The 1990 standard defined a different programming language, that supported
the old FORTRAN features mostly for backward compatibility purposes.
Someone even defined and implemented F, which is F90 with no backward
compatibility features.
I agree that even
an old language can evolve, but for C that role may be filled by C++.


C's evolution seems to have taken a different path than C++'s.

Dan
--
Dan Pop
DESY Zeuthen, RZ group
Email: Da*****@ifh.de
Nov 14 '05 #42

P: n/a

Da*****@cern.ch (Dan Pop) wrote:
In <30**************************@posting.google.com > be*******@aol.com writes:
jacob navia <ja***@jacob.remcomp.fr> wrote in message news:<ch**********@news-reader2.wanadoo.fr>...
C is becoming obsolete, as FORTRAN did. Of course there are still places where FORTRAN is good today, and it is still used.


Since Fortran has not been spelled with all caps as of the 1990
standard, you probably don't know much about the current features and
usage of Fortran. People are writing NEW code in Fortran 90 and 95 --
browse comp.lang.fortran. If Fortran were dead, there would not be


FORTRAN and Fortran are two fairly different programming languages.
Most FORTRAN features still supported by Fortran are considered either
obsolete or obsolescent: properly written Fortran code hardly resembles
FORTRAN.


Few, not "most" features have been deleted or declared obsolescent. In the
700-page Fortran 95 handbook, the discussion of deleted and obsolescent features
takes about 5 pages.

Free-format Fortran code does look different from the fixed format of Fortran
77 and earlier versions, but that does not make it a new language.
about 10 Fortran 95 compiler vendors,


Which strongly suggests that Fortran is no longer the mainstream
programming language FORTRAN used to be until the late seventies, when no
general purpose computer architecture would have been viable without a
FORTRAN compiler.


Can you name a general-purpose hardware/OS platform without a Fortran compiler?
How many vendors have implemented full C99 compilers?

I know of only one textbook that covers C99, Stephen Prata's C Primer Plus
4th ed. At present neither Fortran 95 nor C99 appear to be mainstream languages.
Of course, C89 is a very different story.

----== Posted via Newsfeed.Com - Unlimited-Uncensored-Secure Usenet News==----
http://www.newsfeed.com The #1 Newsgroup Service in the World! >100,000 Newsgroups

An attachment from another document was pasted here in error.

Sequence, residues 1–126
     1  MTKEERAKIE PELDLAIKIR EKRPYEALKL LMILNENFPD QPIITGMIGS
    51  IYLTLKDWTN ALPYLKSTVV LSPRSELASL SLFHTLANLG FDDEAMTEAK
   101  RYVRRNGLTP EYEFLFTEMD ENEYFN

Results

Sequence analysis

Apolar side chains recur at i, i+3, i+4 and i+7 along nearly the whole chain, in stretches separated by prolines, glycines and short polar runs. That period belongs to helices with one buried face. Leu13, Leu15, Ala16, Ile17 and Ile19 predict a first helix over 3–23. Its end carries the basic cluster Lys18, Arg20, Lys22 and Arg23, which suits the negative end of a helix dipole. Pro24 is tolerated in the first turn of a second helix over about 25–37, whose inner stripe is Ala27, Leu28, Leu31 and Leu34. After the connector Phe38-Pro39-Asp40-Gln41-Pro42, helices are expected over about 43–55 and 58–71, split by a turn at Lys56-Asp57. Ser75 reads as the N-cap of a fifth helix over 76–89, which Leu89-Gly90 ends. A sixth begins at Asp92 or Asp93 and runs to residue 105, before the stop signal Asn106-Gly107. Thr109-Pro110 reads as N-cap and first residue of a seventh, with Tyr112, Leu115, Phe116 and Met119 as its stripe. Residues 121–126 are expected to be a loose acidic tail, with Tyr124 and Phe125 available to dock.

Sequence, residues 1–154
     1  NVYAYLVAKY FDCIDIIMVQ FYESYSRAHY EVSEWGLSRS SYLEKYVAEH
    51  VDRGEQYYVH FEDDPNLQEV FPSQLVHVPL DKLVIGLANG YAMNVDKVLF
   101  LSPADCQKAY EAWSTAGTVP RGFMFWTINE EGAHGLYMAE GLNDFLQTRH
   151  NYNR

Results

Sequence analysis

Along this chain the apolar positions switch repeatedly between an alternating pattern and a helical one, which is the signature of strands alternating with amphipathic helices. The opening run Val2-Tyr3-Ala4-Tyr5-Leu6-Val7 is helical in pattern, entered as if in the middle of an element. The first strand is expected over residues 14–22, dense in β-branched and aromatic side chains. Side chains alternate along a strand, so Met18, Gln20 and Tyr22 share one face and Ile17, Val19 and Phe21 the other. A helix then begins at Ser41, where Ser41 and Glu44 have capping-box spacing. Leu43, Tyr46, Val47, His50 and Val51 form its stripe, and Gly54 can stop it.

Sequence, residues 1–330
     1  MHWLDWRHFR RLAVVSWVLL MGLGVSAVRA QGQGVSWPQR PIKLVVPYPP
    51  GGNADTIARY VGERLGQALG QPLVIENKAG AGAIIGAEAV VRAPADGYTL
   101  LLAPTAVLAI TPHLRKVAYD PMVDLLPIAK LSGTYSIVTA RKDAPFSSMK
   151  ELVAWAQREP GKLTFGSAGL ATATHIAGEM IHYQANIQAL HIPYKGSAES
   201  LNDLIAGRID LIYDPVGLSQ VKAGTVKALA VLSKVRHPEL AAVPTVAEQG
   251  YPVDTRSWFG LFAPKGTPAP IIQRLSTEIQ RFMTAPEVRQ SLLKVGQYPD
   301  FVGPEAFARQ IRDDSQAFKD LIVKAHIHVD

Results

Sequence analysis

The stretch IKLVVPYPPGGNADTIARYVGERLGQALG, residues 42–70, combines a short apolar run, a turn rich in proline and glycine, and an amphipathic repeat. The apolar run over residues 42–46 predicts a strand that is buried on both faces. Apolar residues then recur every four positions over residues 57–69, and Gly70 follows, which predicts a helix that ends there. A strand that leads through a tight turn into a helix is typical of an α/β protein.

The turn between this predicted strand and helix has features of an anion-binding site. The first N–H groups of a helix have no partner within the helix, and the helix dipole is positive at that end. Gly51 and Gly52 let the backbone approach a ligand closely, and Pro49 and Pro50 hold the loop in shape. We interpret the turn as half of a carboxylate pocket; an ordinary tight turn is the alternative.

---= 19 East/West-Coast Specialized Servers - Total Privacy via Encryption =---
Nov 14 '05 #43

P: n/a
In any case, Fortran people accept operator overloading,
what the C crowd here seems abhor because of "heresy" :-)
Nov 14 '05 #44

P: n/a
In <ch**********@news-reader2.wanadoo.fr> jacob navia <ja***@jacob.remcomp.fr> writes:
In any case, Fortran people accept operator overloading,
what the C crowd here seems abhor because of "heresy" :-)


That's simply because operator overloading has been a standard Fortran
feature for the last 13 years, but it has never been a standard C feature.

Then again, you're too much of an idiot to be able to understand such
arguments...

Dan
--
Dan Pop
DESY Zeuthen, RZ group
Email: Da*****@ifh.de
Nov 14 '05 #45

P: n/a
In <41********@127.0.0.1> "be*******@aol.com" <be*******@127.0.0.1:7501> writes:

Da*****@cern.ch (Dan Pop) wrote:
In <30**************************@posting.google.com > be*******@aol.com writes:
jacob navia <ja***@jacob.remcomp.fr> wrote in message news:<ch**********@news-reader2.wanadoo.fr>...

C is becoming obsolete, as FORTRAN did. Of course there are still places where FORTRAN is good today, and it is still used.

Since Fortran has not been spelled with all caps as of the 1990
standard, you probably don't know much about the current features and
usage of Fortran. People are writing NEW code in Fortran 90 and 95 --
browse comp.lang.fortran. If Fortran were dead, there would not be
FORTRAN and Fortran are two fairly different programming languages.
Most FORTRAN features still supported by Fortran are considered either
obsolete or obsolescent: properly written Fortran code hardly resembles
FORTRAN.


Few, not "most" features have been deleted or declared obsolescent. In the


Nevertheless, most of the surviving ones *are* obsolescent. Again, have
a look at F, which is F90 without backward compatibility features.
700-page Fortran 95 handbook, the discussion of deleted and obsolescent features
takes about 5 pages.
So what?
Free-format Fortran code does look different from the fixed format of Fortran
77 and earlier versions, but that does not make it a new language.
I was, obviously, not talking about the free format vs fixed format
differences. Almost every FORTRAN feature has been replaced in F90, even